If you follow the sales in the art supplies world, Arches Hotpress in 22x30 sheets a couple years ago was maybe $4 a sheet, iirc. It also comes in rolls, I think. Dr. Ware has some paper recommendations but I think those reflect the UK marketplace.
In the US: cheap joes, jerrys art o Rama, Dick blick. Utrecht all run sales from time to time.

Fr. Mark
4-Dec-2015, 20:31
The chemicals for the new cyanotype aren't that expensive, it has longer tonal range, it's a single solution that keeps 6-12 months easily, more if you put in a smidgen of dichromate. The 100ml recipe will make probably 40-50 8x10's.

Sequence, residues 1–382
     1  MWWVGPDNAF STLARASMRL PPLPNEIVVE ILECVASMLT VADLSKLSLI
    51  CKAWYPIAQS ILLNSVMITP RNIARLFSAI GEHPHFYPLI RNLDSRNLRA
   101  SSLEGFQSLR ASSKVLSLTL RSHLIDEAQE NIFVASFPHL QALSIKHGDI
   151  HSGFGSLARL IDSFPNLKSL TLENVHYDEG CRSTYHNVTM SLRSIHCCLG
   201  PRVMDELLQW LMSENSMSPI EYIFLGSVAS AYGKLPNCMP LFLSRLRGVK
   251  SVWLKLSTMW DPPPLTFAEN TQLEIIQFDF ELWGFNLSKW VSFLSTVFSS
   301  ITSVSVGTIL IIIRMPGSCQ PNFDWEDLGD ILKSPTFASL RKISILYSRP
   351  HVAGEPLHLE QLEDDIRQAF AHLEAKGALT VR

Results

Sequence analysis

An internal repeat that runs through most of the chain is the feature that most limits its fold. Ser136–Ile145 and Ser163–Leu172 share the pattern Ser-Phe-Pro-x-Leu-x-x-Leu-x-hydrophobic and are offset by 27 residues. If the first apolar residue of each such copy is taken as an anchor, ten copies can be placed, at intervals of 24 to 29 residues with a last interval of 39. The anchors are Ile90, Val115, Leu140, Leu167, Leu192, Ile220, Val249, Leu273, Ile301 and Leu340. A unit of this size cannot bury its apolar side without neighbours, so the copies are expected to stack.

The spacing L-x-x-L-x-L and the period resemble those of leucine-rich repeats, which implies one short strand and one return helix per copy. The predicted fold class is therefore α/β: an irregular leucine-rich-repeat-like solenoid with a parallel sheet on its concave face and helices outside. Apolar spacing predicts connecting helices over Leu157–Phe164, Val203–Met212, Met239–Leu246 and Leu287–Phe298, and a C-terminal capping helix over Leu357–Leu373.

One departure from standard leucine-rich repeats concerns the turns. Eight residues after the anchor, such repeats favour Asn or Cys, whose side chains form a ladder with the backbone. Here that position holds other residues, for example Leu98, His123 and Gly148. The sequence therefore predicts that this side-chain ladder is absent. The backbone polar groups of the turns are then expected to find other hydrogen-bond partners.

http://www.mikeware.co.uk/downloads/Cyanomicon.pdf Big PDF v complete.

http://www.mikeware.co.uk/mikeware/New_Cyanotype_Process.html Less detailed, v useful

Dr. Ware has in the past responded to emailed questions. He's done a lot of great service for the photo community.

koraks
5-Dec-2015, 01:45
Yeah, I found that a home mixed new cyanotype sensitizer kept well for over half a year even without dichromate. If you mix up a small batch at a time (I mix something like 50ml or 100ml), you don't have to worry about it going bad. Iregret having added a small amount of dichromate to my latest batch as it has a longer tonal scale without it, which suits my more contrasty negatives. I'd recommend adding any contrast agents only to the sensitizer just prior to coating for that reason.